I decided to travel to Thailand for a couple of fake reasons. I’ve always had a huge issue with saving money, so I told myself that if I had a goal which required me to save a X amount of money, I could to do it...right? Right.I also was itching to do something fun for my birthday in February, which was about four months away at this point. So I thought, where can I travel to that is somewhat affordable and realistic? I had never really thought much about Thailand until I noticed that a different person from high school or college was posting beautiful pictures of Thailand on Instagram like every other week. So, I did a little research (by a little I literally mean Googling “how cheap is Thailand?”) and was dead set.
So there ya have it. I’m going to Thailand because
1. It’s cheap
2. It’s gorgeous
3. I really just want to fucking travel.
Anyone who has travelled before understands “the bug”. You fiend for the adventure and the freedom that only travelling can give you. You miss having no agenda, no obligations and no worries other than if your hostel is legitimate or a total scam, and even if it is a total scam, you’re really not that worried. My best friend Dallas loved the idea too and decided to join me. We did our research, figured out a rough timeline and booked a hostel or two, but otherwise, we went in pretty blind. I had no idea what Thai culture was like, didn’t really know what the cities were all about and only had a couple of definite places/things I needed to see. So a couple weeks after I turned 24, we packed our backpacks and took off for 16 days.
I won’t go into detail about what has already been said about Thailand. You’ve heard it before and you’ll hear it again: Thailand is breathtakingly gorgeous. Everywhere you go is different, but the people are the common thread that tie it all together. Bangkok is insane, busy, stressful and electrifying. Chiang Mai and Pai are more laid back, they feel a little more homey and the jungle lifestyle is right up my alley. The islands are unreal. The beaches are paradise, the lifestyle is almost too chill and you feel like it can’t be the same country that you were in a week prior.
Overall summary of Thailand:
Amazing + Stunning + Comfortable + Intriguing + A Grand Ol’ Time.
What I really want to speak on is what Thailand taught me about what it means to be human. I’ve been to Europe a couple times and thought THAT was culture shock for an American, but let me tell ya…. Thailand is culture shock for an American. I was very cautious and somewhat uptight my first two days there. Granted, Bangkok is a crazy city to be thrown into. The streets are absolute MADNESS and the people are slightly more aggressive than other parts of the country, albeit charming. English is a rarity (boo-hoo, privileged white American!!) and the only foods I recognized on menus were fried rice and pad thai (both deliciously feeding me for the first three days, nonetheless.) But as I grew less jetlagged and more at ease, I realized there was nothing to worry about. In our first 48 hours, Dallas and I would learn how gracious, kind, helpful and genuine the people of Thailand are, and would only continue to learn this over the course of our trip.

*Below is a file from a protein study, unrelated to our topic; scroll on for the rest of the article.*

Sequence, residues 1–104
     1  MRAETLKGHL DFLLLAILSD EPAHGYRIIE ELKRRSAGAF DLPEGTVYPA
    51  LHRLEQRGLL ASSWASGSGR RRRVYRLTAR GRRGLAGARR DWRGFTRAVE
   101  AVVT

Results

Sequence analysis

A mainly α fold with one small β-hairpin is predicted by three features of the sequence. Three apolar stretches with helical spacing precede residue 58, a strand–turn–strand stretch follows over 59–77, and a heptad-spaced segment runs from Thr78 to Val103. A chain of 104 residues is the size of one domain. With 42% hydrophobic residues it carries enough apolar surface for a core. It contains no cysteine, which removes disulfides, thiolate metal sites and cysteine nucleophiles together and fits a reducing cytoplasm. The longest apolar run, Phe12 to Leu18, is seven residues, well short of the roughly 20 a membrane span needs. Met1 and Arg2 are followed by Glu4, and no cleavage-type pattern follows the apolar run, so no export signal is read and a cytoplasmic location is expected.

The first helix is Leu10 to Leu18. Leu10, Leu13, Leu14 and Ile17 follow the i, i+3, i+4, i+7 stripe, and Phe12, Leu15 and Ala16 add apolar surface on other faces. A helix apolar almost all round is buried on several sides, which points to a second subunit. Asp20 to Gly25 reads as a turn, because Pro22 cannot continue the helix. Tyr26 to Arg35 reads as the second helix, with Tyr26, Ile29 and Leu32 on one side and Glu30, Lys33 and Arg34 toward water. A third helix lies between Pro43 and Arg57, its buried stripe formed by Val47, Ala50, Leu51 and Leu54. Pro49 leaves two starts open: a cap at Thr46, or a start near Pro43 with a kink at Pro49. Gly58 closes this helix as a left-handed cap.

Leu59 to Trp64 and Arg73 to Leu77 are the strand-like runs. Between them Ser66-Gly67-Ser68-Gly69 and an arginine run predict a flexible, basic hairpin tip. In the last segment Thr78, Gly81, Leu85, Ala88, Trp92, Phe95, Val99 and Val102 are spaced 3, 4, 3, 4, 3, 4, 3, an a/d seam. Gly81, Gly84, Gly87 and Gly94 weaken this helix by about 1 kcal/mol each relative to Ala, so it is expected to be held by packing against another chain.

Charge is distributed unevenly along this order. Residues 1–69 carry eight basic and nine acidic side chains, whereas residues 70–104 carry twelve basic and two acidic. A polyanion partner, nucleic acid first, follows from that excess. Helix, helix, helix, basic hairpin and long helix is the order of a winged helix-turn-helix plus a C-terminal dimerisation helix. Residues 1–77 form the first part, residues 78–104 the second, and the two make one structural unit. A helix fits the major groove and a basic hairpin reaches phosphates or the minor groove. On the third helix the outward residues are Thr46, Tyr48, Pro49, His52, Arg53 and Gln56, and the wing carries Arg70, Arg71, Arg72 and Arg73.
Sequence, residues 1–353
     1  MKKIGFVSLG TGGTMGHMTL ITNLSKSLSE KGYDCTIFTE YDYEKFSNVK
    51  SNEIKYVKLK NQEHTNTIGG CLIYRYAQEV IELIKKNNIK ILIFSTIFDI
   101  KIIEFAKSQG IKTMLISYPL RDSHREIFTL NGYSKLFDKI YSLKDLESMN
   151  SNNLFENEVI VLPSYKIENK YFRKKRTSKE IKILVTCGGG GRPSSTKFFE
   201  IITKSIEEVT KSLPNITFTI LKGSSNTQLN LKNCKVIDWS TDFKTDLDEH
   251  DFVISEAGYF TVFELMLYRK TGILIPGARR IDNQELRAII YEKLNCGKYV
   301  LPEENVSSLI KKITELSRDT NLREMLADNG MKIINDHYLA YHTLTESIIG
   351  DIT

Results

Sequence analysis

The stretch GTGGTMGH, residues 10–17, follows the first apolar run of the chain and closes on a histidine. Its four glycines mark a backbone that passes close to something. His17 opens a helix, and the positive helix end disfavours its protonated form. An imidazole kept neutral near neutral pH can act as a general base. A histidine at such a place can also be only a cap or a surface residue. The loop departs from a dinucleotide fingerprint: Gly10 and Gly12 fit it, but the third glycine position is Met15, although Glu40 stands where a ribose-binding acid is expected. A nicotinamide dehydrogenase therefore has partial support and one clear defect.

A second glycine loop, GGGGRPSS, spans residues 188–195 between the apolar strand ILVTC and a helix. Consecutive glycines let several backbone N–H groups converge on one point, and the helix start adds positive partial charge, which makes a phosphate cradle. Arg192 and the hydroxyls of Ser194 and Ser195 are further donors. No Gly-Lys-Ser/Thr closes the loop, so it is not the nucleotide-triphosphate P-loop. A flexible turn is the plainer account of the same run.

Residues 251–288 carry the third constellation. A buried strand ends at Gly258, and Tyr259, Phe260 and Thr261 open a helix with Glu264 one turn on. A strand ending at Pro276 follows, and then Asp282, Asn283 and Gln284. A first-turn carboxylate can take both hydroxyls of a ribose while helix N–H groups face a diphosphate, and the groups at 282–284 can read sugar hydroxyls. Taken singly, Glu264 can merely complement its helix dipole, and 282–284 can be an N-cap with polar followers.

Uptight, scared, slightly rude and judgmental tourist moment #1 occurred our first morning in Bangkok. The day we arrived we had explored a little bit but ended up passing out at 8 PM due to jet lag and waking up around 7 AM the next morning. We got ready for our first full day, but had no idea what to eat for breakfast due to the overwhelming amount of street vendors selling foreign looking meat morsels. So we ended up buying some fruit and muffins from a grocery store and literally eating on a planter box on a street corner.
While sticking out like two sore thumbs for a multitude of reasons, we were approached by a tall, welcoming Thai man who asked us where we were from, told us how much he hates Donald Trump and then offered to drive us around the city in his Tuk Tuk for 40 baht. He even brought us to a travel agent who helped book our hostels and trains for the remainder of our trip! Wow! So much kindness out of the blue from a total stranger! First reaction: NO!!!!!!!! We know we look like dumbass American idiots, but we aren’t THAT dumb, sir!!! Umm hello, we’ve been to Paris before and we know how this works: we give you 40 baht, you drive us to one landmark and then leave us stranded there as we facepalm each other for being so gullible! No thank you, please leave us be with our muffins and dirty eating area!
Even after we kindly declined, he continued to pursue. He asked us what our plans for the day were, where we were going after Bangkok etc etc, and we quickly realized that we were totally clueless. Apparently the park we had been planning on visiting that day was actually like a private royal palace that wasn’t open to the public. So ya, off to a good start...
He showed us a map of his route that included four famous Buddha statues in Bangkok with a pit stop at the travel agency and ending at our final destination of the day, The Grand Palace. Here’s the thing; 40 baht is equivalent to about $1.25. It’s literally nothing. We had no idea what we were doing or where we were going so we said “fuck it, bitch”. Let’s see where this takes us and worst comes to worst we’re stranded and $1.25 short.